everything seemed better with alcohol. i iooked forward to a glass of wine, everyday. it got me out of my head. i enjoyed cooking with it. my art was better. i was more sociable. but then i felt like i needed it to do my art. needed it to socialize. i had to have alcohol before meeting friends, going to parties or events, or even before john got home. pre-gaming happened before just about everything, except for work. i thought if i had to go to work with a buzz, then i really had a problem. but then there were drinks while out to lunch during work. and the mornings after a night of drinking, needing a drink just to feel normal again.
society makes this seems normal. and maybe it is because 90% of americans drink alcohol. and most people who drink alcohol get drunk. but is this what i really want in my life? this crutch? with nights i don’t remember? mistakes? hangovers?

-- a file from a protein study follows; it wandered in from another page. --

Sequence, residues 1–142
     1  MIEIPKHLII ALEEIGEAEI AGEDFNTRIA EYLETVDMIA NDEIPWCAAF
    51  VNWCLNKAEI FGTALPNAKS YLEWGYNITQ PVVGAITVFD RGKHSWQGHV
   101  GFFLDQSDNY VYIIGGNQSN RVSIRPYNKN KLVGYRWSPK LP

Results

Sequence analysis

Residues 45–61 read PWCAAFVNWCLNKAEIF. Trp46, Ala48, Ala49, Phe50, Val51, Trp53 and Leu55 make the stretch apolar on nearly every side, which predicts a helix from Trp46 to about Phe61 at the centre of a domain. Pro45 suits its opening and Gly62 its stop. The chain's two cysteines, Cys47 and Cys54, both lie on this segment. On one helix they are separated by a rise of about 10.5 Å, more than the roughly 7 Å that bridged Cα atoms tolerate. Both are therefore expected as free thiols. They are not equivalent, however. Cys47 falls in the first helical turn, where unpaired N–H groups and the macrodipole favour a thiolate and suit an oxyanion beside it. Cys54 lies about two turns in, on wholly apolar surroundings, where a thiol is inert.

the last time i drank was february 4th. the next morning, john told me one of us had to move out. that was it. i had lost him to alcohol.
we had countless conversations about my drinking and i always said i would change. but the only way i knew how to gain his trust back was to vow take a year of sobriety.
of course, the first 2 days after my “last night” was easy to say no to alcohol. i had a 2 day hangover and shame written all over my face. i never wanted to drink again. but then as the days passed i thought, “oh i can just have one or two drinks…”. but why? why do i even have to have a drink in the first place? to let loose? to relax? how sad. how sad is it that i have to have alcohol to enjoy my life?